- For Immediate Release:
- Statement From:
Good morning and welcome. I am Anna Abram, Deputy Commissioner for Policy, Planning, Legislation, and Analysis here at the Food and Drug Administration.
I would like to thank you all for traveling from near and far to be with us today to participate in our seventh intergovernmental meeting on drug compounding. Wherever you hail from, and whether this is your first or seventh meeting, we’re glad to have you join us to continue our ongoing dialogue about ways to reduce the risks associated with compounded drug products and improve collaboration between FDA and the states. We greatly value our work with you, and we feel strongly that our partnerships with you are critical to maintaining robust oversight of compounders to protect the public health.
As we all know, compounding can play an important role in patient care, but because compounded drug products are not reviewed by FDA for safety, effectiveness, or quality before they are marketed, they should be used only when necessary to meet patients’ medical needs. Federal law contains important provisions applicable to compounded drugs.
During this meeting, we look forward to continuing our ongoing dialogue about appropriate oversight—including inspections and enforcement—of compounders. Unfortunately, FDA continues to see concerning conditions during our inspections and learn of serious adverse events associated with compounded drugs. Since the 2012 outbreak of fungal meningitis, we have overseen more than 200 recalls conducted by compounders, most as a result of FDA inspectional findings indicating lack of sterility assurance. We value the many instances in which we have partnered with states to address emerging risks that present a danger to public health, and we look forward to discussing ways to increase such collaboration moving forward.
Implementing federal law on compounding continues to be a high priority for the agency. Earlier this year, FDA released a 2018 Compounding Policy Priorities Plan, describing key initiatives to implement federal law and advance our public health mission. We have made significant progress this year, including our recent announcement regarding the revised draft FDA-state memorandum of understanding—or MOU—addressing certain distributions of compounded drug products. I echo Commissioner Gottlieb’s statement that an important goal of the MOU is to further our collaboration with you so that, working together, we can have the greatest public health impact while also maximizing our resources.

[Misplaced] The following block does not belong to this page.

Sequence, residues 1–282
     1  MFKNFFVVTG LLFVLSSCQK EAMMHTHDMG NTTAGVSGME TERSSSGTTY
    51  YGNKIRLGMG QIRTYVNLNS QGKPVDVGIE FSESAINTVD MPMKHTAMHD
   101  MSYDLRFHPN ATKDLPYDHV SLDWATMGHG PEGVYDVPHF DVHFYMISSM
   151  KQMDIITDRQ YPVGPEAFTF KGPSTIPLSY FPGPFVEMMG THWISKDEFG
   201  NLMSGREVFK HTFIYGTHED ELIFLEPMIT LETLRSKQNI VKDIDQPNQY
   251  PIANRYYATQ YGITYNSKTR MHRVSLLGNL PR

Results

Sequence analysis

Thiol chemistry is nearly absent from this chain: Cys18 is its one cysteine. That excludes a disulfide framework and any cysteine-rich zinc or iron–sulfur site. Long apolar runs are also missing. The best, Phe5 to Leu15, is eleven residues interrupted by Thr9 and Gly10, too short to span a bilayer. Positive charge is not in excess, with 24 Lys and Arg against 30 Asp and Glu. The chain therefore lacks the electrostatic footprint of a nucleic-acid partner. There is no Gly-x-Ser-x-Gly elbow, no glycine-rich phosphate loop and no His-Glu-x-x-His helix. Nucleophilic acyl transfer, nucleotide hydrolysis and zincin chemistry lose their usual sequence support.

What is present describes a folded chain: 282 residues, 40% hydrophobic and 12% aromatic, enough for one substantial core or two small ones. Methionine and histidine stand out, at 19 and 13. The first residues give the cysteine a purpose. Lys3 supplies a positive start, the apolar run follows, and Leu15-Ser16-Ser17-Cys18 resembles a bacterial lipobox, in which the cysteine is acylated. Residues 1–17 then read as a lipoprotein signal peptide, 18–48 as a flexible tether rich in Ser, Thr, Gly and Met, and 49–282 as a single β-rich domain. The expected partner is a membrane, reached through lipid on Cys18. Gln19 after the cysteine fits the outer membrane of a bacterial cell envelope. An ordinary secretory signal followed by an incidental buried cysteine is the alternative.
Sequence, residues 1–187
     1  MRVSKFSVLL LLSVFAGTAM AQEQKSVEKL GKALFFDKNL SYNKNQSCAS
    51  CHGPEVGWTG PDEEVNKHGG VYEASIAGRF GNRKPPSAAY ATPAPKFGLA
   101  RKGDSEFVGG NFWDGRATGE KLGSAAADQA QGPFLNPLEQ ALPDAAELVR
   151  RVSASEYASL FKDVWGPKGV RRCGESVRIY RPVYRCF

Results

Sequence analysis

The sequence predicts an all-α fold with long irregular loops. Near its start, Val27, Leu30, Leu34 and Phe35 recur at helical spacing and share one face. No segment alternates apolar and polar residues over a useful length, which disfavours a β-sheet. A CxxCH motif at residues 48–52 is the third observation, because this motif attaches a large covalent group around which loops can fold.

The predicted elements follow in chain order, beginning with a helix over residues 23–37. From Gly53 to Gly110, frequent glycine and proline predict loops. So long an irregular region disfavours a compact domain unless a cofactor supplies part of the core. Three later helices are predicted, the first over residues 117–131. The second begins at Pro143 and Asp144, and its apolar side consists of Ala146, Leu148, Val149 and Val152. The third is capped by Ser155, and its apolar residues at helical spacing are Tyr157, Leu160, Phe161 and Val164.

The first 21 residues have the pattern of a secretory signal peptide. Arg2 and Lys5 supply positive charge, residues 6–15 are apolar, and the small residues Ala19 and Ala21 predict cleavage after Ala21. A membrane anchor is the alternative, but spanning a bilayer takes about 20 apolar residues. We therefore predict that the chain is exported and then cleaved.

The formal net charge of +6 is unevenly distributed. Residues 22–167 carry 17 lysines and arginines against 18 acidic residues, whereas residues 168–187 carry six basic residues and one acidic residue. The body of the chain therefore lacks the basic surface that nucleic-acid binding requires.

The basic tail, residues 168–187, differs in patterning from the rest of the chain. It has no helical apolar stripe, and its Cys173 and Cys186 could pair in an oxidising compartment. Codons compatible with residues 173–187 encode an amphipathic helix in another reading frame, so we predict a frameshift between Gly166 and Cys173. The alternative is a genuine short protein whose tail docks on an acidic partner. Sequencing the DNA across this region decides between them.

I’m pleased to announce that today, FDA is releasing three new important policy documents related to compounding:
- Revised Draft Guidance: Insanitary Conditions at Compounding Facilities
- Final Guidance: Compounding and Repackaging of Radiopharmaceuticals by State-Licensed Nuclear Pharmacies, Federal Facilities, and Certain Other Entities
- Final Guidance: Compounding and Repackaging of Radiopharmaceuticals by Outsourcing Facilities
I’ll start with describing FDA’s revised draft guidance on insanitary conditions.
As many of you know, FDA frequently identifies insanitary conditions during its inspections of compounding facilities, such as vermin, insects, and microbial growth in areas where drugs required to be sterile are produced. Federal law prohibits the production of drugs under insanitary conditions. Drugs produced under insanitary conditions have led to outbreaks of infections and deaths resulting from contaminated drugs, including the 2012 fungal meningitis outbreak that I spoke of earlier. Shortly after that outbreak, FDA convened the first set of these intergovernmental meetings during which the states urged FDA to issue a guidance describing real world examples of insanitary conditions that it had observed, and today we are taking another important step in fulfilling that request.
Let me share some actual examples of conditions that FDA has observed:
- Dead spiders, beetles, ants, wasps and cockroaches in a ceiling panel directly above the area where employees prepare for sterile processing
- Dog beds, dog fences, and dog hairs within a compounding facility, including in close proximity to the compounding room
- Operators processing sterile drug products with exposed skin, including on their wrists, which sheds particles and bacteria
- Rust on the hood where sterile drugs are produced
- Use of coffee filters to filter particulates
- Toaster ovens used for sterilization
This revised draft guidance is intended to help compounding facilities identify insanitary conditions and implement corrective actions before they lead to harm. We also hope that issuing guidance on insanitary conditions will also serve as a resource to states, which are responsible for the day-to-day oversight of most compounders, in identifying and taking action to address insanitary conditions at the compounding facilities that they inspect. To protect the public health, it is critical that compounders correct any insanitary conditions at their facilities and that FDA and state regulatory agencies pursue appropriate action when they do not.